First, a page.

Some days I feel powerful, beautiful, intelligent, and significant. Those days are rare. Usually, I feel…well, let’s say… something less than that. Is it any surprise then, that at times I identify with a minor character in a story?
For instance, there was the young servant girl who served Naaman’s wife. We don’t even know her name. But she had an extraordinary, but hidden power. “What’s that?” you probably want to know. Read on…
All we know about the servant girl is recorded in just three verses, including two sentences that she spoke to her mistress – “If only my master would see the prophet who is in Samaria. He would cure him of his leprosy.” Such a brief communication! Only 19 words (in the NIV translation). But they reveal so much about that servant girl.
“My master.” That’s how she addressed Naaman, the head of the household that she served. She had been kidnapped as a young girl, and forcibly taken to a foreign country to work as a servant to strangers. She had no choice in the matter. She had been forced to serve.
“If only.” Her words showed a wistful desire for Naaman’s healing. In spite of the circumstances, she had learned to love those around her. She really cared. She knew how devastating a diagnosis of leprosy was to a person and his family. With the diagnosis of leprosy, Naaman was a social outcast. People feared leprosy. It was contagious. Anyone with leprosy needed to stay away from people. Naaman, as commander of the King’s army, would probably be unable to continue his job in the same way (if at all). He would be at risk for losing all that he had; his friends, his status, his possessions, even his life. The disease was progressive. There was no cure.
Except…. “The prophet… would cure him of his leprosy.” The servant girl’s words conveyed the depth of faith that she possessed. It was a childlike faith; a full confidence in the goodness and power of the God of the prophet. There was no hint of doubt. Her trust in God was simple, complete, and without guile.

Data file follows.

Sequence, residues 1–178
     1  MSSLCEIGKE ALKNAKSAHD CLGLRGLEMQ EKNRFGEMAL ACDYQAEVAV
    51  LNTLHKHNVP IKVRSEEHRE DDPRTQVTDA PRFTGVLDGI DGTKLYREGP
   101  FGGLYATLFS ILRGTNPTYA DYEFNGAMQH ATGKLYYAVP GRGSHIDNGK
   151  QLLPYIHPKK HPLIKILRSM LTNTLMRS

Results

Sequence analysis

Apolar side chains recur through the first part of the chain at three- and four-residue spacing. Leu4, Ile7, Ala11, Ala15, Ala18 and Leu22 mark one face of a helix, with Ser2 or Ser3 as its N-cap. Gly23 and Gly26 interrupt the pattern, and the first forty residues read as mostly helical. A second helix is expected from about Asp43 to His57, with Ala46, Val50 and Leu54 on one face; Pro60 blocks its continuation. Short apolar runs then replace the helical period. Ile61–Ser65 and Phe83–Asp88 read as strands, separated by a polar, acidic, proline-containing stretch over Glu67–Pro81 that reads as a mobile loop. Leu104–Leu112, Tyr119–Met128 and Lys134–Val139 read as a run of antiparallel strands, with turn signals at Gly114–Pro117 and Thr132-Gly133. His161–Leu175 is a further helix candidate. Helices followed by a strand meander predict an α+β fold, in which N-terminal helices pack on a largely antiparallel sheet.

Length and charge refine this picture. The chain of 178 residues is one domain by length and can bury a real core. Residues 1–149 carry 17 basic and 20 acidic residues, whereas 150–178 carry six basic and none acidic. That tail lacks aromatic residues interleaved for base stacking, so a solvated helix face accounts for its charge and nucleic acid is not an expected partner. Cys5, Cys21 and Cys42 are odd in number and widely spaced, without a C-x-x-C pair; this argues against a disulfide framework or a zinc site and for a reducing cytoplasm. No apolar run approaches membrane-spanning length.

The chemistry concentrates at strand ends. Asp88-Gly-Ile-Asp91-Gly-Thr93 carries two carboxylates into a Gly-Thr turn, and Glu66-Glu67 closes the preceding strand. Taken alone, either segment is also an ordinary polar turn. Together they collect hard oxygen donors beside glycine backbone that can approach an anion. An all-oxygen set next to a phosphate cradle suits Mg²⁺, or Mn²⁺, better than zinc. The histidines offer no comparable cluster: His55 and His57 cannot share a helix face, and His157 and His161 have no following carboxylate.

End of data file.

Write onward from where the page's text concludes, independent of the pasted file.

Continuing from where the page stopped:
(This challenges me: If placed in the same situation, would I have cared so much about those who forced me into service? Would I have had such a pure and trusting faith? Umm…, well, probably not. Not without God’s help.)
“He would cure him….” It was a simple statement, but spoken with profound courage. Naaman could get angry about relatively little things. (This was evidenced later in the story. You can read it at II Kings 2 by following the link below.) Plus, Naaman was close to the king. They were not likely to be pleased with someone who would give information that resulted in a costly journey to a foreign country, but which yielded no results. What would have happened to the young girl if Naaman had made the journey, and then returned home, completely disappointed? But, in spite of the risk, she spoke the words with boldness and confidence.
(Would I have been as brave as the servant girl to speak those words? Umm…, well, prob…. Aah, who are we kidding? No. No, I would not have been that brave. That would take…. God.)
With her boldly spoken words as incentive, Naaman made the trip to see the prophet. And in the course of the story, Naaman received his healing. More importantly, he received the profound knowledge that the God of healing was the only God in all the world.
Naaman was healed, but the credit for starting the events that led to that healing belonged to that brave servant girl. Without her love and boldness, there would have been no healing for Naaman. Her days were ordinary; her workload mundane. But with the love and courage of those spoken words, lives were changed.
The servant girl possessed an extraordinary type of power. It was the type of power that comes from love and a relationship with an extraordinary God: a God who transforms events by His favor, love, and power. It’s the type of power that flows from the heart of God in response to an individual’s extraordinary expression of love and unconditional surrender to His purposes. To look at her, the girl did not look powerful. But God gave her the ability to influence important people and to make a marvelous impact on the world.
Now, years later, we can only speculate about the extent of that impact of that healing. We know that Naaman was a great man in the sight of the king; which probably meant that the king, and many high government officials of the country, heard about the healing and about the God who had performed it. We can only guess at how that information changed those individuals’ lives; and at how many peopled in the country were also impacted as a result. What we do know is that now, more than 2000 years later, we continue to remember the words of that servant girl.
(I wonder: Did she feel powerful, beautiful, intelligent, and significant? Did she realize how much God did through her? Could it be that through our insignificant and ordinary days, there are ways that God would like to work His extraordinary power to reveal Himself and His love? Are we willing to let Him? Are we willing to reach out to Him?)